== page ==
The move could be a precursor to future investments in the Asian country by Musk such as opening a Tesla branch there.
The Mongolian government has approved two licenses for American aerospace and satellite communications company SpaceX to operate as an internet provider using low-orbit satellites, according to Reuters which cites government officials. Formal cooperation between SpaceX and Mongolia began in February during the 2023 Mobile World Congress in Barcelona. The American company will now provide rural areas of the landlocked Asian country with high-speed internet access.
SpaceX as the Forerunner of Tesla?
This move could be a precursor to more investments in the landlocked Asian country by billionaire Elon Musk. In a digital meeting with Mongolia’s Prime Minister Luvsannamsrain Oyun-Erdene in June, Musk stated the possibility of opening up a Tesla branch in the country wedged between China and Russia. The two also discussed possible cooperation on critical minerals, among other things, despite Tesla voicing intentions to abandon the use of rare earths in its electric vehicles earlier this year.
In the government statement announcing the approval of SpaceX’s venture, the Mongolian Minister for Digital Development and Communications Uchral Nyam-Osor explicitly stated that the satellites will provide miners with internet and information in addition to herders and farmers. The Asian country has vast amounts of critical minerals including rare earths and is increasingly gaining recognition internationally as a possible competitor to industry leader China, despite the two countries cooperating closely in the sector. The People’s Republic dominates the global market of rare earths, especially in the processing and other downstream production steps. Earlier this year, Beijing declared to consider export bans of rare earth technologies in response to Western export controls on advanced chips. On Monday, China’s latest announcement to restrict gallium- and germanium-related products made waves among industry officials. For quite some time, Western countries are seeking alternative sources of critical minerals and are trying to tap other countries with large raw material deposits.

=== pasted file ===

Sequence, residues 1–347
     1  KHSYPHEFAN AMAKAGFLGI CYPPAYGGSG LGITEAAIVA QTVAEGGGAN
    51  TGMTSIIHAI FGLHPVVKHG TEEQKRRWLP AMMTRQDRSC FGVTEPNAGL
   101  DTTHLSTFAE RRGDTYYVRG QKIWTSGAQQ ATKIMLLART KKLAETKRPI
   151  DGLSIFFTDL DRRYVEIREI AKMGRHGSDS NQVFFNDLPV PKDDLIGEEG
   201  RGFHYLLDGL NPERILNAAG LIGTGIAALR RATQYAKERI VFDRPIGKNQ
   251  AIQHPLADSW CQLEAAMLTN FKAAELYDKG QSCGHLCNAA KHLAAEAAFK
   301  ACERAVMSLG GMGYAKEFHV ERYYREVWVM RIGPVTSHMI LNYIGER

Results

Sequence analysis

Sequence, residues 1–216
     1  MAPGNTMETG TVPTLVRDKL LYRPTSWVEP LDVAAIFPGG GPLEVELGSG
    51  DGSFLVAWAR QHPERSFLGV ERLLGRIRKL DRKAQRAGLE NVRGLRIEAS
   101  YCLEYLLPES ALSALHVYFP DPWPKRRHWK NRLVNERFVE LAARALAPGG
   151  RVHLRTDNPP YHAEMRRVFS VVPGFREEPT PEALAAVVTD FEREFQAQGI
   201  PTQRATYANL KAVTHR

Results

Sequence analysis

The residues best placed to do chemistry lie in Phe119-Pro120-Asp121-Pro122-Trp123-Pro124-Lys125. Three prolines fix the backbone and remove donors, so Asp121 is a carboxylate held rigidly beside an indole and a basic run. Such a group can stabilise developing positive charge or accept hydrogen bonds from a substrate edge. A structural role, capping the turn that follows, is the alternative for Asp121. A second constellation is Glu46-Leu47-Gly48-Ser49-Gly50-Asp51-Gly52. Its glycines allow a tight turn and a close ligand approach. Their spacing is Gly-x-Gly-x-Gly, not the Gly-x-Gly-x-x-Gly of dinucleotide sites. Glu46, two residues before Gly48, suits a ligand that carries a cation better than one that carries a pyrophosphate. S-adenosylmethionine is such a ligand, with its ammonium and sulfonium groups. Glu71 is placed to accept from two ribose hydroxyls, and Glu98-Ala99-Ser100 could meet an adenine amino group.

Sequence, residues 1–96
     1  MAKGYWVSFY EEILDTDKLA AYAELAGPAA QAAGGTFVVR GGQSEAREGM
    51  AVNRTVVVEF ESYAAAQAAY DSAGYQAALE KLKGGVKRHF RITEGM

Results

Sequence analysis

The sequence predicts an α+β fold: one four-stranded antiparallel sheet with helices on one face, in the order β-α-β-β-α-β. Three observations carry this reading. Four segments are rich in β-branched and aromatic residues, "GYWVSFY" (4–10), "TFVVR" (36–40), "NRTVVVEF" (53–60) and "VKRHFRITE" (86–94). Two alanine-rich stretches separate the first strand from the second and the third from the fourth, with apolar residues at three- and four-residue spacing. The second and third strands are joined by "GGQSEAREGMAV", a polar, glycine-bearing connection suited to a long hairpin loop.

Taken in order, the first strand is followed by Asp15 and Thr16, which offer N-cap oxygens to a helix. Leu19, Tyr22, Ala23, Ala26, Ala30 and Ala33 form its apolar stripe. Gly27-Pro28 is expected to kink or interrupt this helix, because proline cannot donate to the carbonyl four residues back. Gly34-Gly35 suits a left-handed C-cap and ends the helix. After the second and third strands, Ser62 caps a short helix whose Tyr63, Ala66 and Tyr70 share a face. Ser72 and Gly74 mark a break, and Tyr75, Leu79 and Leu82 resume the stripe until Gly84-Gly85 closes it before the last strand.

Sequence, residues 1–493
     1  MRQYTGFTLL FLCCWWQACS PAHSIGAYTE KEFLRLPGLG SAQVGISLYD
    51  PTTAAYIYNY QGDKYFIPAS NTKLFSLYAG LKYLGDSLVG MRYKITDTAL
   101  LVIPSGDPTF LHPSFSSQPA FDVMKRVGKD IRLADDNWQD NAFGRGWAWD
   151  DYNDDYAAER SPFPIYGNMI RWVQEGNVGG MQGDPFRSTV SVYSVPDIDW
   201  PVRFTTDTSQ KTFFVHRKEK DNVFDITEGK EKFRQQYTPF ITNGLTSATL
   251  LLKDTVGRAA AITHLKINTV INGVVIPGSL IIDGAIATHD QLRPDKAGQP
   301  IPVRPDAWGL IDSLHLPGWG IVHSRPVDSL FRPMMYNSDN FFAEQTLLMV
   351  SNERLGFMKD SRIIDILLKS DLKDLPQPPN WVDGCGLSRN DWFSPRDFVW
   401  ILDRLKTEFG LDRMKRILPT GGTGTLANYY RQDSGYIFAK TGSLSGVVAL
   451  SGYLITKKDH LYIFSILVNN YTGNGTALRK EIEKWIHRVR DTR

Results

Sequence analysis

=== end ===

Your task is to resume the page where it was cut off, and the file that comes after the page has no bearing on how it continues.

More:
Mongolia’s Deputy Prime Minister recognizes the possibility to become an alternative as well, however, the country requires time and foreign support. To capitalize on the possible hedge to China, the U.S. signed a Memorandum of Understanding to cooperate on critical minerals and supply chain infrastructure with The Government of Mongolia just last month.
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